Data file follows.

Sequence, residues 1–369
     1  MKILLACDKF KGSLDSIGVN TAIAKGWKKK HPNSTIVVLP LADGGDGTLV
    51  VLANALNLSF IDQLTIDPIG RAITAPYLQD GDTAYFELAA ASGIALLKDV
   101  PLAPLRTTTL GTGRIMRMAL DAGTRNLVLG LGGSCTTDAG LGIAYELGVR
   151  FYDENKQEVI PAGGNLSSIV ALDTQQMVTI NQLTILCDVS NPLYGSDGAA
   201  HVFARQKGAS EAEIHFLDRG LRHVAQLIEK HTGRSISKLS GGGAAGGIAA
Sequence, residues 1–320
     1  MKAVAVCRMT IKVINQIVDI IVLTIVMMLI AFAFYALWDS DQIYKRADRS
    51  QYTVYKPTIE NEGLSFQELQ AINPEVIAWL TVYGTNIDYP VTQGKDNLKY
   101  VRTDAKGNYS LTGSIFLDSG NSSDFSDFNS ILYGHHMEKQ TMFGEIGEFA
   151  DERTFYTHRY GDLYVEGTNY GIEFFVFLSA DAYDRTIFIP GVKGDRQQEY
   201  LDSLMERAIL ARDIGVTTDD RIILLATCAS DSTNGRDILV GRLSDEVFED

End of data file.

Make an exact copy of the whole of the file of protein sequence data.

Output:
Sequence, residues 1–369
     1  MKILLACDKF KGSLDSIGVN TAIAKGWKKK HPNSTIVVLP LADGGDGTLV
    51  VLANALNLSF IDQLTIDPIG RAITAPYLQD GDTAYFELAA ASGIALLKDV
   101  PLAPLRTTTL GTGRIMRMAL DAGTRNLVLG LGGSCTTDAG LGIAYELGVR
   151  FYDENKQEVI PAGGNLSSIV ALDTQQMVTI NQLTILCDVS NPLYGSDGAA
   201  HVFARQKGAS EAEIHFLDRG LRHVAQLIEK HTGRSISKLS GGGAAGGIAA
Sequence, residues 1–320
     1  MKAVAVCRMT IKVINQIVDI IVLTIVMMLI AFAFYALWDS DQIYKRADRS
    51  QYTVYKPTIE NEGLSFQELQ AINPEVIAWL TVYGTNIDYP VTQGKDNLKY
   101  VRTDAKGNYS LTGSIFLDSG NSSDFSDFNS ILYGHHMEKQ TMFGEIGEFA
   151  DERTFYTHRY GDLYVEGTNY GIEFFVFLSA DAYDRTIFIP GVKGDRQQEY
   201  LDSLMERAIL ARDIGVTTDD RIILLATCAS DSTNGRDILV GRLSDEVFED